Best Practices For Holding Food In A Steam Table
QUESTION From: Arnold in DC
“We are a Mexican restaurant and we have a steam table we use for lunch.
We get a lot of construction and healthcare workers that come on their lunch break. They often have 30 min and can only spend 5-15 min waiting on food to get back on time. I’ve been thinking of using the steam table to hold the meats we use for the popular lunch items (tacos, nachos, burritos) so that the meat is easily accessible already cooked and warm. But my staff complains about that.
1. Can I use it this way? (Basically the chipotle way) and if so, what do I need to do to sustain quality? If not, thought on making this system faster since the meat cooking takes a couple min?
2. What are the best practices for holding food in a steam table? Some challenges we have often: meat with sauce dries out, things generally dry out/look ehhh after a while, veggies get over steamed.
Thanks in advance!”
Yes. You can use a steam table that way and strongly recommend that you do.
Keep in mind that some things (like veg) die fast ...which is why volume is your best friend when it comes to holding food in anything (even a rice cooker).
It’s great that your staff is concerned with your product quality but their fears can be relayed by following the below steps and making them dry a freshly prepared sandwich/entrée side by side with one that made from ingredients that have sat for 10mins in the steam table…not that I advocate appeasing every challenge staff may put to you but regular tasting is vital to ensuring consistency and quality.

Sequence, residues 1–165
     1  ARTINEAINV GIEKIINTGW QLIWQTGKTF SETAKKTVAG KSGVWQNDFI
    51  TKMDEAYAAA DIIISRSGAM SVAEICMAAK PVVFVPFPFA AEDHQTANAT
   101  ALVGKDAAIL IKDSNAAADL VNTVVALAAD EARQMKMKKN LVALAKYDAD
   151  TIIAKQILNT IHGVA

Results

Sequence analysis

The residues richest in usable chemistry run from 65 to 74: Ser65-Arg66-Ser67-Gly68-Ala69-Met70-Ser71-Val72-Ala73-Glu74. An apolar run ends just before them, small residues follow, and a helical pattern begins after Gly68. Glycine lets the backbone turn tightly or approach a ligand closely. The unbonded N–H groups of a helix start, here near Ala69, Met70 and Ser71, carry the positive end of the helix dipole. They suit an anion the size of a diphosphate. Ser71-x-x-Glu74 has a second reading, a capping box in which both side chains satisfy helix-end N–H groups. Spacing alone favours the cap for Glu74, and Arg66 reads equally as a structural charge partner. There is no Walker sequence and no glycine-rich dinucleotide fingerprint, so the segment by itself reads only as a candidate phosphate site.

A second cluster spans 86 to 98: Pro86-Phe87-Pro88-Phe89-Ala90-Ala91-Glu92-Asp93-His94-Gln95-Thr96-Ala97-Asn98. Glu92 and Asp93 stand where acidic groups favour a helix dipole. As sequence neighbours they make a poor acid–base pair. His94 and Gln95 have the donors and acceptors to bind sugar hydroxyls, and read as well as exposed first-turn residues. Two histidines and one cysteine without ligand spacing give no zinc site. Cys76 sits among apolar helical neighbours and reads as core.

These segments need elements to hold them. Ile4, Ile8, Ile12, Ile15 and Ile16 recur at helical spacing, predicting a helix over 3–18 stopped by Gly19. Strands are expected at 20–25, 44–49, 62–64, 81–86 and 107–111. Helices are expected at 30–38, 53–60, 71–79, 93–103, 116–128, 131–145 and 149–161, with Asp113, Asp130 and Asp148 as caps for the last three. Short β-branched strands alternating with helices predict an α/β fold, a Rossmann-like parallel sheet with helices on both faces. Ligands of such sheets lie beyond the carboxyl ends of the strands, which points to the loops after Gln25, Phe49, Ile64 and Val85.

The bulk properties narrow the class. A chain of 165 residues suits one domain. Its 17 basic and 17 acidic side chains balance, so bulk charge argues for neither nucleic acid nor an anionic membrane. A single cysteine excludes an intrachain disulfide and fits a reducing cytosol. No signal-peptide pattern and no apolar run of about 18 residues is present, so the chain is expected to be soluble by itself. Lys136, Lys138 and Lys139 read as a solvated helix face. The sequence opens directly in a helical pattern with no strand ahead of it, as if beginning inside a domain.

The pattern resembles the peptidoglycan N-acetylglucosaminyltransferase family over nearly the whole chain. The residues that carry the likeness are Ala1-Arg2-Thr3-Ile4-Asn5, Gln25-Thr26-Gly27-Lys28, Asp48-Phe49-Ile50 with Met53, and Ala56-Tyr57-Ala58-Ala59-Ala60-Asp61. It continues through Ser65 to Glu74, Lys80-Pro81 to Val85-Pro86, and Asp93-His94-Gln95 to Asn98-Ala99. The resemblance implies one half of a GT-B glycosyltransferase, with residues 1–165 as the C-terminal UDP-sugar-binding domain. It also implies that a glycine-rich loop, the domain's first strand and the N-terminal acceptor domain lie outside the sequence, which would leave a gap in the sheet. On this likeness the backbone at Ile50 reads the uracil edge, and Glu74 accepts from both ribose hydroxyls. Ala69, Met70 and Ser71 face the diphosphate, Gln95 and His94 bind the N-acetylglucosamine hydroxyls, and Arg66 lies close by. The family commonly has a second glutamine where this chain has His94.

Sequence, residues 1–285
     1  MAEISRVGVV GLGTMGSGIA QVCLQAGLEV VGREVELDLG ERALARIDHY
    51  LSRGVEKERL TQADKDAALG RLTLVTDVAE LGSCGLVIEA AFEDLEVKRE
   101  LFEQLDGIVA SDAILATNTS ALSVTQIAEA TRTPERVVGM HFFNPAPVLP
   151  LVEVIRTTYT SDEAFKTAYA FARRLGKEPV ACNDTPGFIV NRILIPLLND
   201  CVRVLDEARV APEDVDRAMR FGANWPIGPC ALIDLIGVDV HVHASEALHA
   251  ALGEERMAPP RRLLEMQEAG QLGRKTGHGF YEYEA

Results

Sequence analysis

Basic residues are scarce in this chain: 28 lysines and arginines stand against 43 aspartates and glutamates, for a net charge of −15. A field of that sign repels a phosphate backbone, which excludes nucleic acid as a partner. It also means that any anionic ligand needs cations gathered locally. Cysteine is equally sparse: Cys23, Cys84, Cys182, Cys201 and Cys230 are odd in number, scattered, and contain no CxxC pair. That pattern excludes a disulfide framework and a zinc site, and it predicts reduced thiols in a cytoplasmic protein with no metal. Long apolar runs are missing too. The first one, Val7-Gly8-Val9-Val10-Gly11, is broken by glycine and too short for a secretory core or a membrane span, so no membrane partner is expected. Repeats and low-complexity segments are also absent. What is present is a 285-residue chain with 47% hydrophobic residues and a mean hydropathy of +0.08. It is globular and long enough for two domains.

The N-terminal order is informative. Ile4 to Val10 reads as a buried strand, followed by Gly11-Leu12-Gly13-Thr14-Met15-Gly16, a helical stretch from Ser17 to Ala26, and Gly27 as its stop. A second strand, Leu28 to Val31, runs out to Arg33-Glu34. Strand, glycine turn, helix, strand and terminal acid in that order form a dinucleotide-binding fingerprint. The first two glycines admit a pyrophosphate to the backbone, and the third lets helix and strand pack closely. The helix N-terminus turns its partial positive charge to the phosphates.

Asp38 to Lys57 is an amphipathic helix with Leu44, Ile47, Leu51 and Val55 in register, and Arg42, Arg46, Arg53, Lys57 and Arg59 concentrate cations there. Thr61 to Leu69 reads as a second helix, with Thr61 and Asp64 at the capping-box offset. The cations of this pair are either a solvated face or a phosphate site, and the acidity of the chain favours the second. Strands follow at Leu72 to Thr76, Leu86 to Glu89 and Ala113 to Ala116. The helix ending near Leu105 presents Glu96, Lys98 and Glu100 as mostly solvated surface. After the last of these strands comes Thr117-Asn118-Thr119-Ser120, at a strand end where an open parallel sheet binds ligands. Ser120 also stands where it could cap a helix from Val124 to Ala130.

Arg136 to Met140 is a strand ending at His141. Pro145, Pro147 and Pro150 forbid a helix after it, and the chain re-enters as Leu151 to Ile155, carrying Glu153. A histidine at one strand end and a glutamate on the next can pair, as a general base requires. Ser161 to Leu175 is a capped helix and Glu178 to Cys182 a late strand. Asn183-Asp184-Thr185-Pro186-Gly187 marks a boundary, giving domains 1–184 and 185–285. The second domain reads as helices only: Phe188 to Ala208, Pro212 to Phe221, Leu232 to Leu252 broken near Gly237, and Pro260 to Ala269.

When it comes to holding food in a steam table be sure to do the following & oversee/ confirm compliance via checklists on an hourly basis:
1. Maintain water level(s) in the table
2. Maintain proper temps
3. Keep lids on product accessed frequently
4. Keep plastic on other product not yet served / until you have to serve them (when appropriate... i.e., you obviously don’t want to cover veg with plastic)
Just pay extra attention to plastic when removing - last thing you want is for someone on the line to see a rush coming and haphazardly remove plastic and leave some on the pan... or worse drop some in the pan.
5. Stir sauces frequently, add TINY bit of liq when necessary & double pan
6. Let grilled items rest before slicing / chopping
7. Transfer juices with meat
8. Toss when anything dries out sits too long regardless of whether it’s one serving left, half the pan or a full pan (one of the visual cues we used at (orig) Chipotle was the color of the cilantro in the rice i.e, as soon as it changed from bright green to faded green, we tossed it.
9. Anticipate traffic and prep appropriate i.e., you don’t have to fill every pan in the table - cooking smaller batches more frequently always helps to keep food fresh and minimizes waste.
Good Luck & Thanks for the question!